Atomistic Structure and Dynamic Evolution of Shock Waves in Laser-material Interaction

By: Xinwei Wang

Department of Mechanical Engineering, Iowa State University

This work reports on the pioneering molecular dynamics (MD) modeling of shock waves in laser-material processing. For pulsed laser-assisted material processing with an ambient gas, the fast melting, vaporization, and phase explosion of the target is a very complicated process and will form a strong shock wave in the ambient gas. Formation of the shock wave and the interaction between the shock wave and the plume play critical roles in processing control. In this work, the dynamics and internal structure of shock waves in picosecond laser-material interaction are explored at the atomistic level by tracking the movement of individual atoms. The pressure of the shock wave, its propagation, the interaction zone thickness between the plume and ambience, the inside velocity profile at nanoscales are evaluated to study the effect of the laser absorption depth, ambient pressure, and laser fluence. Due to the strong constraint from the compressed ambient gas, the ablated plume could stop moving forward and mix with the ambient gas, or move backward to the target surface, leading to surface redeposition. Under smaller laser absorption depth, lower ambient pressure, or higher laser fluence, the shock wave will propagate faster and have a thicker interaction zone between the target and ambient gas. Plume splitting and secondary shockwave due to strong constraint of the ambient gas are observed and explored to reveal their underlying physics.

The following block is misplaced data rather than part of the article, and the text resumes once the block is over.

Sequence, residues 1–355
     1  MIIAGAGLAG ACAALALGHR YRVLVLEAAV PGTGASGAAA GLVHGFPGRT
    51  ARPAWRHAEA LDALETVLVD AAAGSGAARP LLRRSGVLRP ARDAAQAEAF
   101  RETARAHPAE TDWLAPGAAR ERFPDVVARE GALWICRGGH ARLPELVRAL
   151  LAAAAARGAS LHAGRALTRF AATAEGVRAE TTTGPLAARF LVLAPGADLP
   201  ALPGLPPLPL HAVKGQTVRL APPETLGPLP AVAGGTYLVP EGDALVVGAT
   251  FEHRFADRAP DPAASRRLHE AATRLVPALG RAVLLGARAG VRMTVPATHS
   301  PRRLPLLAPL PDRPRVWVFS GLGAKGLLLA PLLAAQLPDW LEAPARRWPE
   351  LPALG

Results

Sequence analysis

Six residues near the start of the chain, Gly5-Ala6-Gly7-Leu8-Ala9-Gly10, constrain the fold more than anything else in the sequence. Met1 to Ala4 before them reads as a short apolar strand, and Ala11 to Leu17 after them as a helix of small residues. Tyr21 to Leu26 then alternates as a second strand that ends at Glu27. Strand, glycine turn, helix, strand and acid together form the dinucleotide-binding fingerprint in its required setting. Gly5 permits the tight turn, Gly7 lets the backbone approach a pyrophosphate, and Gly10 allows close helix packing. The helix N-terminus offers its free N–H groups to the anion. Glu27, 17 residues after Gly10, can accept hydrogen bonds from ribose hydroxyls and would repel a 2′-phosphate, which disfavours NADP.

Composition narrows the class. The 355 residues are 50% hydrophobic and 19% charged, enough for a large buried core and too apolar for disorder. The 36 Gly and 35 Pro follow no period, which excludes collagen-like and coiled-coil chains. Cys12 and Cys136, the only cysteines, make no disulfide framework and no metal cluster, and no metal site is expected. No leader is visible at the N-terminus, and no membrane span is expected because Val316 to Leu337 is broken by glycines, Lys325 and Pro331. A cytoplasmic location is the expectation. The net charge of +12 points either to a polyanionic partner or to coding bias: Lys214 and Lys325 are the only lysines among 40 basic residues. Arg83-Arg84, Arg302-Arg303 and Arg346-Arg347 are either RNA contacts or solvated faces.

Figure 1: Shock wave imaging based on the atomistic modeling.